The 50% rule of thumb is tied closely to roll oversteer due to LCA angle changes. Roll oversteer is a corner entry and mid-corner issue, not corner exit and corner exit throttle application issue.
 
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I also forgot to mention your rear bump stops. When you lowered your car you removed 1.5" of rear suspension travel. Are you sure you are not hitting the bumpstops at corner exit? Did you trim or install shorter bump stops? If you hit the bump stops, your rear roll rates will go through the roof and the car will oversteer. It will also be unstable over hard curbing.
 
I also forgot to mention your rear bump stops. When you lowered your car you removed 1.5" of rear suspension travel. Are you sure you are not hitting the bumpstops at corner exit? Did you trim or install shorter bump stops? If you hit the bump stops, your rear roll rates will go through the roof and the car will oversteer. It will also be unstable over hard curbing.
In reply to your questions both the upper and lower rear control arms have poly bushings and were torqued under load at vehicle ride height, wheels off, jacks under axle, vehicle level. I've used poly bushings on many cars lighter than the Mustang and never had a bind problem but that does not mean I would dismiss the possibility. I also cut the Ford Racing bump stop in half to allow for adequate frame clearance. My car was a Brembo GT so I have the 35mm front bar and the 24mm rear bar. I've already ordered a 20mm rear bar. That brings me to the question of spring rates. I went back and checked and realized I had installed Ford Racing "K" springs along with Koni sport shocks. The problem I have is trying to find the real spring rates of these springs. I don't have a tester and the available documentation has rates all over the place. One source says the factory Brembo GT rates were 131F and 167R, Vorshlag says they tested them at 125F and 181R. The "K" springs were listed at 228F and 199.5R. Vorshlag tested them at 188F and 221R. If Vorshlag is right I think my rear springs may be problem as they would appear to too stiff. My car is premium package street car that I use for track days. I'm guessing it weighs close to 3700 pounds. Voeshlag sells a height adjustable rear spring kit with a 175#'in spring. Vorshlag also tested the Ford "P" rear spring at 165#/in which are a lot cheaper than the Vorshlag kit. Any suggestions?
 
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Did you use poly for both of the upper control arm bushings? Hopefully the poly is just on the body side mount and the axle side still has the factory rubber. Poly on both sides does bind, but shouldn't make the car oversteer.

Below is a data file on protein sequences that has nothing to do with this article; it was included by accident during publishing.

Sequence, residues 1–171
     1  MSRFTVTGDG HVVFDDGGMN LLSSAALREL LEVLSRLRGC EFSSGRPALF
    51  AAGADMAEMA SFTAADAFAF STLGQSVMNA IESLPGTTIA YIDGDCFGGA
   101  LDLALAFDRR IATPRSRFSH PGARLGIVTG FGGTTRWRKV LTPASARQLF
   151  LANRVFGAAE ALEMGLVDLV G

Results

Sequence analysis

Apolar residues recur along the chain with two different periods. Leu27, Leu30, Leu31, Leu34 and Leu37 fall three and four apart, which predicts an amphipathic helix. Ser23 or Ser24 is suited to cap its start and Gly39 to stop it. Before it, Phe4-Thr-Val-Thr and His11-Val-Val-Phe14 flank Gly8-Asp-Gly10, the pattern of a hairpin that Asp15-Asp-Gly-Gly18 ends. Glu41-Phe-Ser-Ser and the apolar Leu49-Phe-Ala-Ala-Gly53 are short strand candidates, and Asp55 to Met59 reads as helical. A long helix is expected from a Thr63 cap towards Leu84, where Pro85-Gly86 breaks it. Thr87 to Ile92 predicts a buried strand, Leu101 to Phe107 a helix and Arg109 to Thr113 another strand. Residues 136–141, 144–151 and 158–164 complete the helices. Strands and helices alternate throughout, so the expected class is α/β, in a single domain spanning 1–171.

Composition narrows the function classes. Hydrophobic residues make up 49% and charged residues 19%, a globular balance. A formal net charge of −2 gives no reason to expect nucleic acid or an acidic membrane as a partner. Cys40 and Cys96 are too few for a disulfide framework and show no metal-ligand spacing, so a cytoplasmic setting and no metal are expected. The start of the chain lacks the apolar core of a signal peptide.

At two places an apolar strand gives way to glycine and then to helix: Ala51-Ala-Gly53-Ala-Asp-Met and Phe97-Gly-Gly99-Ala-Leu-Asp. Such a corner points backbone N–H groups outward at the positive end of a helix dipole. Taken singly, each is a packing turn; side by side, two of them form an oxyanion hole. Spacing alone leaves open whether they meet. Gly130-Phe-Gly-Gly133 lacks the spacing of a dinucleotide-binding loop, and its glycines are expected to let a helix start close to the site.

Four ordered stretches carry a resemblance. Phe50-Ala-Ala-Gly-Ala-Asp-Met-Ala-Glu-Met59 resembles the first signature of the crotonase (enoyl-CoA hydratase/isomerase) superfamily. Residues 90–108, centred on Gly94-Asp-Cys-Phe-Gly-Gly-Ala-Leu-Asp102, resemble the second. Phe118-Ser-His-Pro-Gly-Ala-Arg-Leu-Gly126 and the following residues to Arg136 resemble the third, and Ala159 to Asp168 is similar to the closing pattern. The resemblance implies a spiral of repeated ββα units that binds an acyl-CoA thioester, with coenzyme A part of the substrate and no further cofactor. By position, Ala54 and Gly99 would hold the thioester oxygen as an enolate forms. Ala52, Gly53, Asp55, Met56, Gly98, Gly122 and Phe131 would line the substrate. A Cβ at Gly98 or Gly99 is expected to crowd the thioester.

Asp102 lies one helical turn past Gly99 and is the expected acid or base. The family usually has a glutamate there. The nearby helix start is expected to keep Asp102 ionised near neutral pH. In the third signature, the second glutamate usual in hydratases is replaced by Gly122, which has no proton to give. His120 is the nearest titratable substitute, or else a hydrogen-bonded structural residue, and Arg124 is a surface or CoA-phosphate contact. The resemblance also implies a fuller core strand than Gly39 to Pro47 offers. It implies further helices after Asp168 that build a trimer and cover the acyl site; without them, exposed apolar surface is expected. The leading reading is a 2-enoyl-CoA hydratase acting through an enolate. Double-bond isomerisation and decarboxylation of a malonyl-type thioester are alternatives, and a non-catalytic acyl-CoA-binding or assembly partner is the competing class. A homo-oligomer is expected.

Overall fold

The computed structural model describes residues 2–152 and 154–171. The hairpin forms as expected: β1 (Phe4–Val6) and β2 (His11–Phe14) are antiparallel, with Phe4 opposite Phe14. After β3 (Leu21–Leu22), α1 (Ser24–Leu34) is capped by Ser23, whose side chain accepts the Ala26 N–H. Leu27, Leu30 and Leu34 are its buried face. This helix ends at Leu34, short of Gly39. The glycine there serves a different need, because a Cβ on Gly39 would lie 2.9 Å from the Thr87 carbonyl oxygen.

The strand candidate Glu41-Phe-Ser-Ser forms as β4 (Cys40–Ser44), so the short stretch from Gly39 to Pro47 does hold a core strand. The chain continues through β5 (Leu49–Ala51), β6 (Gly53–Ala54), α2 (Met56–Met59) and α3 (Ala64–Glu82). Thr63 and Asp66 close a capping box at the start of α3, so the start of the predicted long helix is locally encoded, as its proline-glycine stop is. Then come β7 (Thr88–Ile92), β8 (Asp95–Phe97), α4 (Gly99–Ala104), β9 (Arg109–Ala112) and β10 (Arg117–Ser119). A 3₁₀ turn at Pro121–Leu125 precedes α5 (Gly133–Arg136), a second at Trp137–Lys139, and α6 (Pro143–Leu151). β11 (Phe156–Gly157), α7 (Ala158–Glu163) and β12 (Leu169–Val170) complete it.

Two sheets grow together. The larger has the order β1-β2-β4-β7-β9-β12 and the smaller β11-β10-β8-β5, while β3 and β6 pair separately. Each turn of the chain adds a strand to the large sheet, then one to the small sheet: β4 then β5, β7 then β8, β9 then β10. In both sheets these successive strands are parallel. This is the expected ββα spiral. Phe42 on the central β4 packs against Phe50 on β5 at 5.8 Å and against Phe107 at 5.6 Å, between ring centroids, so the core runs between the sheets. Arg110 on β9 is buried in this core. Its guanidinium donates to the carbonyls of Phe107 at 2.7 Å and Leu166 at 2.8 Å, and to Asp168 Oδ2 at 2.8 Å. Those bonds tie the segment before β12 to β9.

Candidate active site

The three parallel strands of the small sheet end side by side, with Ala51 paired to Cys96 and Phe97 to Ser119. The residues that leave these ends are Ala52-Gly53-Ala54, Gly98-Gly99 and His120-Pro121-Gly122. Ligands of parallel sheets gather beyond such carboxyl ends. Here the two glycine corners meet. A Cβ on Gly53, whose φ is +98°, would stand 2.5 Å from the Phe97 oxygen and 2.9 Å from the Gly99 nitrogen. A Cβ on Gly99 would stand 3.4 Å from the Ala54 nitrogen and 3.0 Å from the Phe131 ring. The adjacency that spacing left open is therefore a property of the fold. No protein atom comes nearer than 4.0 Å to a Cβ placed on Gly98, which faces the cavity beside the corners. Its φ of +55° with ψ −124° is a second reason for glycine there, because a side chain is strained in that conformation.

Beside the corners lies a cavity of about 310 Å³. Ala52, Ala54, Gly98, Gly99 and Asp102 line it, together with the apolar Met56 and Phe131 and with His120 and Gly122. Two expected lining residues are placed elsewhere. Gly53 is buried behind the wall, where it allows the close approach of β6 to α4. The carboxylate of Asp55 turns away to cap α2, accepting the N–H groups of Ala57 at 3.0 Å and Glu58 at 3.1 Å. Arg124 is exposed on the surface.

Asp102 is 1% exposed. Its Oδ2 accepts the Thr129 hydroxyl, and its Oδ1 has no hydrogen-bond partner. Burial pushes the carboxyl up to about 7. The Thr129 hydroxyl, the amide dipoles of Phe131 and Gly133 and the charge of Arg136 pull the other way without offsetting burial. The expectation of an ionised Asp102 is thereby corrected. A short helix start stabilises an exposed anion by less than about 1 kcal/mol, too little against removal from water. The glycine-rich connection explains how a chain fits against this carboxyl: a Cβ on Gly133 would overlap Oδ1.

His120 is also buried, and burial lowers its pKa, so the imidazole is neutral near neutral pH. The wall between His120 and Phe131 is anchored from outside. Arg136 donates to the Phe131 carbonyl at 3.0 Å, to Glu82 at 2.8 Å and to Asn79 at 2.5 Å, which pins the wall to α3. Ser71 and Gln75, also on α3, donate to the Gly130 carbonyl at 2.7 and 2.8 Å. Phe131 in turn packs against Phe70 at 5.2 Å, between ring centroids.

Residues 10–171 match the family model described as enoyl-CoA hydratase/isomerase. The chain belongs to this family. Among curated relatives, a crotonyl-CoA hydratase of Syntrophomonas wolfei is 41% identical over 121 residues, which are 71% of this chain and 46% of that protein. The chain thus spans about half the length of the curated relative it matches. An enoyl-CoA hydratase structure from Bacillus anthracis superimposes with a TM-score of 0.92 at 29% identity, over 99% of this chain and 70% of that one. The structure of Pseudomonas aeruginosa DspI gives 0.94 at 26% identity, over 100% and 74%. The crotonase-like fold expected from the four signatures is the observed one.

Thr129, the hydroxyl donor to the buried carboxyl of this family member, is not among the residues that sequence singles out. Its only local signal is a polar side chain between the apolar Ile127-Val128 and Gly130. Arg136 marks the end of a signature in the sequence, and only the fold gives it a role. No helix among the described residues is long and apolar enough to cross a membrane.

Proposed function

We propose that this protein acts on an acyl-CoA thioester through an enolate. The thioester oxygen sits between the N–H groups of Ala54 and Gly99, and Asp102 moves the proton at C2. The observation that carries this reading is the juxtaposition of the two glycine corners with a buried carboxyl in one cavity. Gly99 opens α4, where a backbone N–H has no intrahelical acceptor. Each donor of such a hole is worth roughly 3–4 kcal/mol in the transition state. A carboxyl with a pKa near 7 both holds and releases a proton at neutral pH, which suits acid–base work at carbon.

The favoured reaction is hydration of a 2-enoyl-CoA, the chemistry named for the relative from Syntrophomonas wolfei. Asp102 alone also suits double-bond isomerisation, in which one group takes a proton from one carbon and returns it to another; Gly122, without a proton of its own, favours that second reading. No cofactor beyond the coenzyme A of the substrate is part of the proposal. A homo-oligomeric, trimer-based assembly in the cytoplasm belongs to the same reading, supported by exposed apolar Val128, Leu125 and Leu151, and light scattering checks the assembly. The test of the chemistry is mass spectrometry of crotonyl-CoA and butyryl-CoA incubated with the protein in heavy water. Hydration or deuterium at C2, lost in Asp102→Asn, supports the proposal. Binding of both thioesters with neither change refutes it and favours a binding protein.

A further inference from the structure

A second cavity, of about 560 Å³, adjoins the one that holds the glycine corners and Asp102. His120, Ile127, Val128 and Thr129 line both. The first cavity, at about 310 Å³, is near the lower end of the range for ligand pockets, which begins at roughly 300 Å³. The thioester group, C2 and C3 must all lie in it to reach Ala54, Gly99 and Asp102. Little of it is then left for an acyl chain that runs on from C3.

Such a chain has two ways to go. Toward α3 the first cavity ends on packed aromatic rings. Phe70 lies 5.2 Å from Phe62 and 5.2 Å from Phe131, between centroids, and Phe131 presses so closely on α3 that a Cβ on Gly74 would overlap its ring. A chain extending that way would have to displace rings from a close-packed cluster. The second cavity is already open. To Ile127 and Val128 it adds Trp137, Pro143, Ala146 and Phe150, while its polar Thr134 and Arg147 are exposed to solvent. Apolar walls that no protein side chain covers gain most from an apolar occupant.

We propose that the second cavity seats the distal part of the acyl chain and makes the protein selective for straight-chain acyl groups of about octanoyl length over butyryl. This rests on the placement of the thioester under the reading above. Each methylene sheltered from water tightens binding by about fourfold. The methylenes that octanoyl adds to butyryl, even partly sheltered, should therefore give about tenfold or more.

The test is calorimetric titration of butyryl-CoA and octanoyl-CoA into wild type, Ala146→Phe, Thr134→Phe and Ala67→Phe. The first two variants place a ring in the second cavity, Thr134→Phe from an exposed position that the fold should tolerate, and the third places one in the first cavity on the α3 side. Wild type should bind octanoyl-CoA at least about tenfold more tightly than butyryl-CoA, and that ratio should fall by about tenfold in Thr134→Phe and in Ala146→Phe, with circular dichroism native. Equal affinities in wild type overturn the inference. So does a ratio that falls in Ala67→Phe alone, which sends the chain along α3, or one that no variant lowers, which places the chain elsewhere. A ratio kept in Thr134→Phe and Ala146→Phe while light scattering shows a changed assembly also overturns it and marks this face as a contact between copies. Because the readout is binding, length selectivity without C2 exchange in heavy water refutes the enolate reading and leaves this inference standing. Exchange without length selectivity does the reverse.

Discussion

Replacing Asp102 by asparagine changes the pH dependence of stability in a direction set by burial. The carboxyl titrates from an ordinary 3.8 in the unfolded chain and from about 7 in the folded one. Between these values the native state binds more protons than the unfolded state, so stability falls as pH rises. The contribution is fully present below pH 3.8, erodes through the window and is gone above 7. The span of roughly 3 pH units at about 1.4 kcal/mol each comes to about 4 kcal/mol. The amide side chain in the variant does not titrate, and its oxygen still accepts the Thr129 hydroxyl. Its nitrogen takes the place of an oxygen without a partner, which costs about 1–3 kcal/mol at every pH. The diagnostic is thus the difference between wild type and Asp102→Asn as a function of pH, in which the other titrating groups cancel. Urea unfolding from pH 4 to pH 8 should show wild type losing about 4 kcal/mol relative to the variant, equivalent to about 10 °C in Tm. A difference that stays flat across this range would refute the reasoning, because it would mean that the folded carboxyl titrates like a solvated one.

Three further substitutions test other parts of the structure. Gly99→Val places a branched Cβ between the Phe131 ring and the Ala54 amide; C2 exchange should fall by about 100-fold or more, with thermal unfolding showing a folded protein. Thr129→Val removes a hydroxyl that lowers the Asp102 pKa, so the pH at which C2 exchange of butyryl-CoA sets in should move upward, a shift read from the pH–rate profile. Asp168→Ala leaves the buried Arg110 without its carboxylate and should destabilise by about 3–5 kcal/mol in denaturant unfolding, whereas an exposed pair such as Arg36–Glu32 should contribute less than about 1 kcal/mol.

I would go with the published Ford rates for the springs. If you were running a square tire setup I would suspect the car might have a tendency to oversteer with the swap to K-springs. When I originally installed Steeda Boss springs (225F and 195R) in my car I had to increase the front sway bar stiffness to correct oversteer with a square tire setup. I did have Ford LCA relocation brackets on the car and tried both the upper and lower positions without any notable oversteer issues. When I installed a BMR sperical upper, I raised the body side mounting position to increase the length of the instant center.

I would look at sway bar tuning. My preference in the past with lighter spring rates was to stiffen up the front bar via an adjustable bar. But, a smaller rear bar works too - and the Ford 20mm is not that expensive.

I also assume you installed camber plates with the new front struts and dialed in around -2.0 camber (about as aggressive as you can get with out prematurely wearing out a set of street tires).
 
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I forgot to mention that increasing the front roll rates from the factory settings initially yields increased front grip. The factory rates are too soft. Higher rates keep you in a better part of the camber curve and hence the increase in grip. This goes against what any chassis tuning book will tell you. But, those books and pricipals are assuming the vehicle is not under sprung to start with.
 

Mad Hatter

Gotta go Faster
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Here is a long colorful thread on the same subject.